John records Jesus declaring his authority over both the dead and the living as well, but in John the emphasis is more overtly on His authority over spiritual life and death than merely over physical life. In John 5:24-27 Jesus says, “I tell you the truth, whoever hears my word and believes him who sent me has eternal life and will not be condemned; he has crossed over from death to life. I tell you the truth, a time is coming and has now come when the dead will hear the voice of the Son of God and those who hear will live. For as the Father has life in himself, so he has granted the Son to have life in himself. And he has given him authority to judge because he is the Son of Man.”
In this passage Jesus is explaining that the authority to judge humans has been given to Jesus because of His own sharing in humanity. His judgment is a judgment based on shared experience. First, Jesus explains that everyone who hears the gospel and believes God who sent Jesus for our salvation—those people have crossed over from death to life. This statement is not talking about physical death. Rather, Jesus is saying that those who believe, at that moment, have crossed over from spiritual death to spiritual life. Death of any sort has not more permanent claim on them.
Then Jesus continues by saying the day will come when the dead will hear His voice, “and those who hear will live.” At this point Jesus is speaking of the resurrection from physical death. He is foreshadowing His return in glory when He will come with a shout (1 Thessalonians 4:13-18), and the dead in Christ will rise first. It is interesting to notice, in this passage in John, that Jesus says the dead will hear the voice of the Son of God—but only “those who hear will live.” This passage suggests that eternal life is only for those dead who are dead in Christ. While all the dead will hear the voice of the Son of God, only those who believed will recognize His voice. Those who actually “hear” and know Him will be resurrected to eternal life.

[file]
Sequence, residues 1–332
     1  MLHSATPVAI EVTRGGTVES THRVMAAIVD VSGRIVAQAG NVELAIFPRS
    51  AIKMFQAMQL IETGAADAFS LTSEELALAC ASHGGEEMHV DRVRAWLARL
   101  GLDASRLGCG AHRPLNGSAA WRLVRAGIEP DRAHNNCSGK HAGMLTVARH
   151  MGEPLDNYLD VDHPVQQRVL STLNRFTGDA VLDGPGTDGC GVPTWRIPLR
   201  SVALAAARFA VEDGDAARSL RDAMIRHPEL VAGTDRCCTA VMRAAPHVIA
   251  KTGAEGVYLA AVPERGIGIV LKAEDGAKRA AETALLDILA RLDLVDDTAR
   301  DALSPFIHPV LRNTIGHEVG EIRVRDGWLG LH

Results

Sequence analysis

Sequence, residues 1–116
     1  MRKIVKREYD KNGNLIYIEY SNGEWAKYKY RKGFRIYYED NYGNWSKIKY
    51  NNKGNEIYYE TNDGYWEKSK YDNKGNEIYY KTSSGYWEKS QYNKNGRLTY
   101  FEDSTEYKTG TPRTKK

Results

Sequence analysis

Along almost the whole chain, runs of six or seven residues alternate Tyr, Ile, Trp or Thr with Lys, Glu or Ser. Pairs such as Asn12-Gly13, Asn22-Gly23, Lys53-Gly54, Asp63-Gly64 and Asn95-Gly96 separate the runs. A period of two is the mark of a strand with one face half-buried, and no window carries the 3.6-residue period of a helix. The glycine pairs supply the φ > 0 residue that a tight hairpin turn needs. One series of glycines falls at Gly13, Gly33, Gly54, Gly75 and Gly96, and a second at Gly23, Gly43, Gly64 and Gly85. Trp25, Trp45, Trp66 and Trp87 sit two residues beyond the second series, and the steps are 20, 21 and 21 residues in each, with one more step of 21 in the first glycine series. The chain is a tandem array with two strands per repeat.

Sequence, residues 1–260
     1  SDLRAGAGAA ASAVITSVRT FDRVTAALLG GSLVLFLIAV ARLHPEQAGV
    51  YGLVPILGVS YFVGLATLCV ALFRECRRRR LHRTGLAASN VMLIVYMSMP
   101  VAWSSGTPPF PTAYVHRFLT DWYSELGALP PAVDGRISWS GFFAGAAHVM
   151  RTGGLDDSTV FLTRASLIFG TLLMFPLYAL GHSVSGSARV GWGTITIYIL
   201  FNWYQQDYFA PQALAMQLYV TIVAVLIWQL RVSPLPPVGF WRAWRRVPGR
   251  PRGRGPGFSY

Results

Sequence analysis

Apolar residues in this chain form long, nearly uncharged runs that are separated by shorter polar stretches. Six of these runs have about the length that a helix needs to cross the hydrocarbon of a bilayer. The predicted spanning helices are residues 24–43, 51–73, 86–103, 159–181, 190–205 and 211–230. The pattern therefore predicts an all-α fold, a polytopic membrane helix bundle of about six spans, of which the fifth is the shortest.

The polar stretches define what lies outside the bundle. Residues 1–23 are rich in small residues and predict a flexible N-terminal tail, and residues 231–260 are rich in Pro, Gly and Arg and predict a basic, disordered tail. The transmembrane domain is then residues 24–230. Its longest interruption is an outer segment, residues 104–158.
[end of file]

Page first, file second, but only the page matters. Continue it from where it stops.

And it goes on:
In John 11:25-26 Jesus says to Martha at Lazarus’ tomb, “I am the resurrection and the life. He who believes in me will live, even though he dies; and whoever lives and believes in me will never die. Do you believe this?”
Here Jesus was teaching that He had the power to save people from death. In this passage He was stating that even physical death cannot interrupt eternal spiritual life. In Him is the power to resurrect and also intrinsic life. He raises bodies from death, and He gives unending spiritual life to those who believe in Him. He has ultimate authority over death, both physical and spiritual.
When Peter was preaching to Cornelius, he explained that the Lord Jesus commanded him and the other disciples to “preach to the people and to testify that he is the one whom God appointed as judge of the living and the dead” (Acts 10:42-43). Further, in his own epistle Peter stated, “But they will have to give account to him who is ready to judge the living and the dead” (1 Peter 4:5).Peter was saying that Jesus had authority over both life and death. Because He abolished death (2 Timothy 1:10) by His own death and resurrection, Jesus has authority over those who are dead and alive. This authority extends over both physical and spiritual death.
Paul wrote to the Corinthians, “For Christ’s love compels us, because we are convinced that one died for all, and therefore all died. 15 And he died for all, that those who live should no longer live for themselves but for him who died for them and was raised again” (2 Corinthians 5:14-15).
In this passage Paul reminds the Corinthians that the fact that Jesus died for all men confirms that all men are dead. He died for all, however, so that “those who live” should now live not for themselves but for Jesus. “Those who live”, of course, are those who believe in Jesus and surrender themselves to Him. Those who live are no longer dead—and this new life from Jesus gives them new purpose. Instead of being consumed with themselves, they now live for the One who gave them life.